Researchers at the Ann & Robert H. Lurie Children's Hospital of Chicago and Northwestern University analyzed data from 145 kids within the first week of symptoms of mild or moderate coronavirus infection, comparing loads of SARS-CoV-2, the virus that causes COVID-19, in 46 children younger than 5 years, 51 children 5 to 17 years, and 48 adults 18 to 65 years old.

Reverse transcriptase-polymerase chain reaction amplification cycle threshold values revealed that very young children had 10 to 100 times more coronavirus RNA in their upper respiratory tract than older kids and adults.

The authors noted that their study could detect only viral RNA, not live virus, although some previous studies have shown a correlation between higher viral RNA levels and the ability to culture live virus.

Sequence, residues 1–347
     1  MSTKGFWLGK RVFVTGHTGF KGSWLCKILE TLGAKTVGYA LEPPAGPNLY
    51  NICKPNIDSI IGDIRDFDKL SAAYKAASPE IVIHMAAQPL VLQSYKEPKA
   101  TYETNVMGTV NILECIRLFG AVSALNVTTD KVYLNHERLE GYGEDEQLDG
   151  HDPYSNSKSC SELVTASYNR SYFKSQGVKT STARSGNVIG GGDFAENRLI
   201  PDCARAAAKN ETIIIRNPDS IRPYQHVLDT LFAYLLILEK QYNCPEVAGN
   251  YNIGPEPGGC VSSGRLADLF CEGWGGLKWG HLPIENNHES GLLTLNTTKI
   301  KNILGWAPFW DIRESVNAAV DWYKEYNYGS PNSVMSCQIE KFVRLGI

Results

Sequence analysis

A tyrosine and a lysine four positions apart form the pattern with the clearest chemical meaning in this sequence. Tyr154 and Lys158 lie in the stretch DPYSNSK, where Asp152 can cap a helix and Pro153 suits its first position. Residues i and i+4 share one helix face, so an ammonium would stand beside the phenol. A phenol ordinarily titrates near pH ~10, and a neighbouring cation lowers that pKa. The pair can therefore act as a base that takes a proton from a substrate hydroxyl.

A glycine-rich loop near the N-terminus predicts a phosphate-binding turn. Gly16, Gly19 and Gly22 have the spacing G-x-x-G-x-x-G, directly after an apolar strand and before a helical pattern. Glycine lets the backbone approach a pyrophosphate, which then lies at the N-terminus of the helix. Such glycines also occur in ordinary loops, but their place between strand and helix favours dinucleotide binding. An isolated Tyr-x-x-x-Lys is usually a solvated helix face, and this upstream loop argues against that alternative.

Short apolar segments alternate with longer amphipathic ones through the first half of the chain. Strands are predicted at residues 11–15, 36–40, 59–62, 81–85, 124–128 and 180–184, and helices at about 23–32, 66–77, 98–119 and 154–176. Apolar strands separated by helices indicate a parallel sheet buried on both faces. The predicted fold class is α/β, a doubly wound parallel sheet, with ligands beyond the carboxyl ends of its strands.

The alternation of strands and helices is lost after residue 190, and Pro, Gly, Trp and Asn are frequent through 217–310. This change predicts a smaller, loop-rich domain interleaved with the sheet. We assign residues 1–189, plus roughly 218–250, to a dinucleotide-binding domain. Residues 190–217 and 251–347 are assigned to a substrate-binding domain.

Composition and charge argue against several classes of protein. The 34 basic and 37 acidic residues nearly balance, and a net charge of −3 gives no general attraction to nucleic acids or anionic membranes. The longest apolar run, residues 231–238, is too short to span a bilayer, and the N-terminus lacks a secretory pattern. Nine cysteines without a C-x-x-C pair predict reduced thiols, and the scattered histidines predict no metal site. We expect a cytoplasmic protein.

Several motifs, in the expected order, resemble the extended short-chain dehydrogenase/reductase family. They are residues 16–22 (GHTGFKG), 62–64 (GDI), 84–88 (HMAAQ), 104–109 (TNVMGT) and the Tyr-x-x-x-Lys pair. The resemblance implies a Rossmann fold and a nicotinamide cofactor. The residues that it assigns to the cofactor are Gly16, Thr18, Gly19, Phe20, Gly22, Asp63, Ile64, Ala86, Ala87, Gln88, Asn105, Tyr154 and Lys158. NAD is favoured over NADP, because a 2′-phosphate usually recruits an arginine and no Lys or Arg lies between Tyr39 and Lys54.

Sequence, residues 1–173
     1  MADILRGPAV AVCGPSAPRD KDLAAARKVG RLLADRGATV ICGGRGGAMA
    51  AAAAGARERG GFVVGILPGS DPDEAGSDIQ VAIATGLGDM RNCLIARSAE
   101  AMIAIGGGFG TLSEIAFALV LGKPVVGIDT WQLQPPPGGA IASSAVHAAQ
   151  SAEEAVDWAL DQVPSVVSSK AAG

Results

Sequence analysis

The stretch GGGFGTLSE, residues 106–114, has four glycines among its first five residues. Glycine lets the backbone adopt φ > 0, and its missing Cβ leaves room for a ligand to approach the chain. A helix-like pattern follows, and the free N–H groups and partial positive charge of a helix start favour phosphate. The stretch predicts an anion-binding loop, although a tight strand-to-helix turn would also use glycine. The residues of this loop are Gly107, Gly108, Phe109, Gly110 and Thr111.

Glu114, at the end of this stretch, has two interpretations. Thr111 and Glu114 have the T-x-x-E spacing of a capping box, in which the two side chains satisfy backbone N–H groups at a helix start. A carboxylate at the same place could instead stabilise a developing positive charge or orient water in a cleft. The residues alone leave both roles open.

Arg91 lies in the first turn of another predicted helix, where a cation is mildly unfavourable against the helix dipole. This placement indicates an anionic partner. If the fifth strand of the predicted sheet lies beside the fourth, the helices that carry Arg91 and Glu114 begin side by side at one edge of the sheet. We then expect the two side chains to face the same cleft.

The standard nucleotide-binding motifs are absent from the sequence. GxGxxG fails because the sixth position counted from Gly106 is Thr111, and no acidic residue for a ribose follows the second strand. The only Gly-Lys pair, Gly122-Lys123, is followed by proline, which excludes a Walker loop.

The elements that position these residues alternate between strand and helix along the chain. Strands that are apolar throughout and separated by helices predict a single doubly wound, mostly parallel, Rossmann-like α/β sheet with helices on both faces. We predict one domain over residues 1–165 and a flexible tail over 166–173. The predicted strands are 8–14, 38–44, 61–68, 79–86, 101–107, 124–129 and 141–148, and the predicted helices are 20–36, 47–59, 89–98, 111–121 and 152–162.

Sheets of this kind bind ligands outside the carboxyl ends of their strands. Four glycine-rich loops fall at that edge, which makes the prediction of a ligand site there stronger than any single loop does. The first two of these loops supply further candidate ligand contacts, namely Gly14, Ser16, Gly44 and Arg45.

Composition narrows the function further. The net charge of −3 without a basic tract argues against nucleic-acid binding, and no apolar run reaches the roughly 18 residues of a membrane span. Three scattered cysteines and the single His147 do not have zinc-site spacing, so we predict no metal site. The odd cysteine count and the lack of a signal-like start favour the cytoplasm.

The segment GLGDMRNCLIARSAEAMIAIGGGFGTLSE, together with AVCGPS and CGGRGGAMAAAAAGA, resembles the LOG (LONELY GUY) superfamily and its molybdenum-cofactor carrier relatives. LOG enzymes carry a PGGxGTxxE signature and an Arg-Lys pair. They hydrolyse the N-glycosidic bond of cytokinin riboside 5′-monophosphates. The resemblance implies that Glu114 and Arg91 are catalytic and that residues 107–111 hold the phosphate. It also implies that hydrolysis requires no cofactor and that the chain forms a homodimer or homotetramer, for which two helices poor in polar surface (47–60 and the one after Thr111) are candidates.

They said their findings could mean that young children, who often have mild or asymptomatic illness, spread the virus as much as other age-groups. This mode of transmission may have been underrecognized due to the rapid closure of schools and daycare facilities earlier in the pandemic, which prevented large studies of schools as a conduit of community spread.

"Behavioral habits of young children and close quarters in school and day care settings raise concern for SARS-CoV-2 amplification in this population as public health restrictions are eased," they wrote. "In addition to public health implications, this population will be important for targeting immunization efforts as SARS-CoV-2 vaccines become available."
Jul 30 JAMA Pediatr research letter


Ebola infects 3 more in DRC Equateur outbreak, 72 total, with 31 deaths